Map of trade routes in the western Mediterranean

Marseilles: an obligatory point of passage

Very early on, the populations of Provence received objects originating from long distances (Sardinian obsidian as early as the Neolithic, for example). However, we do not know if this was the result of direct contacts with the regions of production, or if these products arrived through successive exchanges. On this matter, we are equally ignorant concerning the Entremont period. Based on the nearly exclusive presence at the site of monies from Marseilles, we could suppose that the great majority of trade passed through this city. However, we also know that direct contacts (mercenaries, ambassadors) were established with other Mediterranean peoples, which also could have led to commercial relations.

Two silver drachmas from Marseilles found at Entremont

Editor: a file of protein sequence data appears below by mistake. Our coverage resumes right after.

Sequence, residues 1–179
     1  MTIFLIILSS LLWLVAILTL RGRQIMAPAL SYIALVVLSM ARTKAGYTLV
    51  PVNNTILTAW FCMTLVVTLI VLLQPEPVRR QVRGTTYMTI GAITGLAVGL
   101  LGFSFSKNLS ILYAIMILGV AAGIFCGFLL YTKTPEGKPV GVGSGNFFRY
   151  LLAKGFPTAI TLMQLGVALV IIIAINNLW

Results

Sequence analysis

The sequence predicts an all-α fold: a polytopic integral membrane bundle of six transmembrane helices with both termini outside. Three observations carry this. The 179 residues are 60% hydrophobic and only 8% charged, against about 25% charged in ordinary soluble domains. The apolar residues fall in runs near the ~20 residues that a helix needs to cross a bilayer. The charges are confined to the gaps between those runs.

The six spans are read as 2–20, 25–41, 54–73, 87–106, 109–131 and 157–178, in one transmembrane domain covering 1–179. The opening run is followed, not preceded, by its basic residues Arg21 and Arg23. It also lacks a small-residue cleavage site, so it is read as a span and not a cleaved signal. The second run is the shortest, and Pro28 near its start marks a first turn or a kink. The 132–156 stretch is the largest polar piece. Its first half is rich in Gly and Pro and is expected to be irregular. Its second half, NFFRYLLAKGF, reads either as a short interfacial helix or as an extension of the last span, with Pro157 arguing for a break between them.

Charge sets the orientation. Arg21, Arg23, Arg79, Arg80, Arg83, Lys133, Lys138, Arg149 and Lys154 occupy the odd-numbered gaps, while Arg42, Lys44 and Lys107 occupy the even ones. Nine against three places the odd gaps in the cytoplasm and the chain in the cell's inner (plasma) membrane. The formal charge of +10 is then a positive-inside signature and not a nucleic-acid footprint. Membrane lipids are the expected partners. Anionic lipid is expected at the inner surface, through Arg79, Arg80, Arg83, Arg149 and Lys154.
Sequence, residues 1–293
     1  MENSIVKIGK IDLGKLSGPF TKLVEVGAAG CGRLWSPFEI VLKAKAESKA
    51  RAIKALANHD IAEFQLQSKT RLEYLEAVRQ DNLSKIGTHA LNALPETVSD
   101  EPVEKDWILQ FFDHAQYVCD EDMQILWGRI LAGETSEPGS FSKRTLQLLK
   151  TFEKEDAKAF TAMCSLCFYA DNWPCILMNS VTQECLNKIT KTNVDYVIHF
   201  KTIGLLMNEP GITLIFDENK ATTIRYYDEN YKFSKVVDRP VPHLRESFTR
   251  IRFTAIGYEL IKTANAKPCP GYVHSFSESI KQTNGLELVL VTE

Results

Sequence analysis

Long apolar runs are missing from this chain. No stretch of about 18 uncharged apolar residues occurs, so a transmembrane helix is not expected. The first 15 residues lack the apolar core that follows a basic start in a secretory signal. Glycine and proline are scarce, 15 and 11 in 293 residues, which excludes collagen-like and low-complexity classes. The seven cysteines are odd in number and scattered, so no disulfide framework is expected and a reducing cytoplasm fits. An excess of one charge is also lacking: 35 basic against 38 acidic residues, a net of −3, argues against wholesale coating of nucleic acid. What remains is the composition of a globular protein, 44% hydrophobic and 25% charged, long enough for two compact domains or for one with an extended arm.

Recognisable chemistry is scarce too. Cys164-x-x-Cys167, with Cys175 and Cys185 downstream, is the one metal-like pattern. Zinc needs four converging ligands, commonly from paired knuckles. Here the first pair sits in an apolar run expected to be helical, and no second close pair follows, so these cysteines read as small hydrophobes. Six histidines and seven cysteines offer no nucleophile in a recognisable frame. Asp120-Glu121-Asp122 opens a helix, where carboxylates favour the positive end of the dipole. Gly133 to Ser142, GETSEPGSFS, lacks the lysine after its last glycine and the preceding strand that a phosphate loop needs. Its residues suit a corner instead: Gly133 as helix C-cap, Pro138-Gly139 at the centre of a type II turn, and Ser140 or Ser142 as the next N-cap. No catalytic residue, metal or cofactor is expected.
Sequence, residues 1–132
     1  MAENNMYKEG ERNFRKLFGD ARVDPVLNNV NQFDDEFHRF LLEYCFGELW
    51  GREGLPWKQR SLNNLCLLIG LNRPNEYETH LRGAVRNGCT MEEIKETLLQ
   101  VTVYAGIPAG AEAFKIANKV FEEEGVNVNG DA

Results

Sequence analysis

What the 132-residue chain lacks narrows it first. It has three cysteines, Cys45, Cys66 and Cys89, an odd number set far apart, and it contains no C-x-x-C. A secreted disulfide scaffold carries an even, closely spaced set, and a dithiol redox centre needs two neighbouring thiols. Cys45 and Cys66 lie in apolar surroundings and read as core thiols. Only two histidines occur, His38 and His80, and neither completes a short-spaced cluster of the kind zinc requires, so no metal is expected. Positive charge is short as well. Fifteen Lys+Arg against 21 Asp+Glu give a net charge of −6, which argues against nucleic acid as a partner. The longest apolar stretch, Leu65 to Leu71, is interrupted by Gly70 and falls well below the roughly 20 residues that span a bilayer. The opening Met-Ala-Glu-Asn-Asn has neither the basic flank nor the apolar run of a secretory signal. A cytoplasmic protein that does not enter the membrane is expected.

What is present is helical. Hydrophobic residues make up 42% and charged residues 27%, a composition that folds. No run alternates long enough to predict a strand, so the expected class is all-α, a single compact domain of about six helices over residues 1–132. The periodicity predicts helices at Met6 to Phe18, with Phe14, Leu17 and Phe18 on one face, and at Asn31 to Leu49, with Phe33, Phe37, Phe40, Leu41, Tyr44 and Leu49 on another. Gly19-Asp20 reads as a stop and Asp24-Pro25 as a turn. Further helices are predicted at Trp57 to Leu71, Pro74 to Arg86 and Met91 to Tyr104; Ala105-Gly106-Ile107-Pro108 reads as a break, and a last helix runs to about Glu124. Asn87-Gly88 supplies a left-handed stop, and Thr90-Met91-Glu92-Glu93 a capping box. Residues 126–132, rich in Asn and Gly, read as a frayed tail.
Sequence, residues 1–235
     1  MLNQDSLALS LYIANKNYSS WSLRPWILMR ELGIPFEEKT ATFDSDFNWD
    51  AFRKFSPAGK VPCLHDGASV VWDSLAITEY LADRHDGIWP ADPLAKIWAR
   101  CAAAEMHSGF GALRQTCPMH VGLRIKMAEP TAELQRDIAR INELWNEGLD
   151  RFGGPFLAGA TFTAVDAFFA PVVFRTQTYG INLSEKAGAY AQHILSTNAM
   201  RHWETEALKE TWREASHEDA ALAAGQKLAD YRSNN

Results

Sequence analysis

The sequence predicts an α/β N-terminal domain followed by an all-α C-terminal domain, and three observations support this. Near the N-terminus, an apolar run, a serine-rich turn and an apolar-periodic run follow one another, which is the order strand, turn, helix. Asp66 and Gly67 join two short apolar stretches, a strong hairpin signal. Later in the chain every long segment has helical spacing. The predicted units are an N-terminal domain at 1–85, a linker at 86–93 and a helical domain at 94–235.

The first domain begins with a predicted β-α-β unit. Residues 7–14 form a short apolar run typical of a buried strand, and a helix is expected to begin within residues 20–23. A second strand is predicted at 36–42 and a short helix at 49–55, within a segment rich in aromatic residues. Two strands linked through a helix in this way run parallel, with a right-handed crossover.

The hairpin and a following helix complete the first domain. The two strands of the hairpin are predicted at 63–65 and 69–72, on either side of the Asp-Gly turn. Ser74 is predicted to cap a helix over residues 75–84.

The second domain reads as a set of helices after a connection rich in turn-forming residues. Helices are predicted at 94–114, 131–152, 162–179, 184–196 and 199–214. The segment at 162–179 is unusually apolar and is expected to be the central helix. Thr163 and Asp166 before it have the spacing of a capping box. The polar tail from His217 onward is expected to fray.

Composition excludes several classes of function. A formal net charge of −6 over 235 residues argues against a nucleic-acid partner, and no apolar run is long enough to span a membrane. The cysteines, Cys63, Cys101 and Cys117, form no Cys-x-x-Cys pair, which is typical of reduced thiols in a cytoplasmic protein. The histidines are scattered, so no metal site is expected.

Relations with other Gallic peoples

Relations with inland Gallic peoples are more easily admitted, but they are attested on the site by only a few Gallic coins and ceramic fragments from the Rhone Valley.

Exchanges with the Mediterranean world

Based on archaeological remains, the commerce of Entremont appears to be nearly exclusively Mediterranean: glass from Egypt, dishes from Campania, northern Italy, Greece and Catalonia, wine amphorae from Greece, the Punic world and, of course, southern Italy. Products from Marseilles are also abundant (modeled ceramics from Etoile, light colored ceramics, mortars). One very significant object from Marseilles provides evidence of cultural and technical influence, as well as proof of commercial relations; this is a counterweight of a winch press made from stone from Couronne, which is the location of the quarries exploited by the Marseillans for all of their Hellenistic monuments. The presence of coral is perhaps indicative of nothing more than the internal trade of the Salyens, whose territory was largely coastal.

We can easily imagine the goods that the Entremont inhabitants could have traded for these imports: raw agricultural products (cereals, fruits, animals, meat, wool), transformed products (oil, for example), and perhaps slaves, which the Mediterranean world often lacked.

 Black varnished ceramics from Campania. CCJ.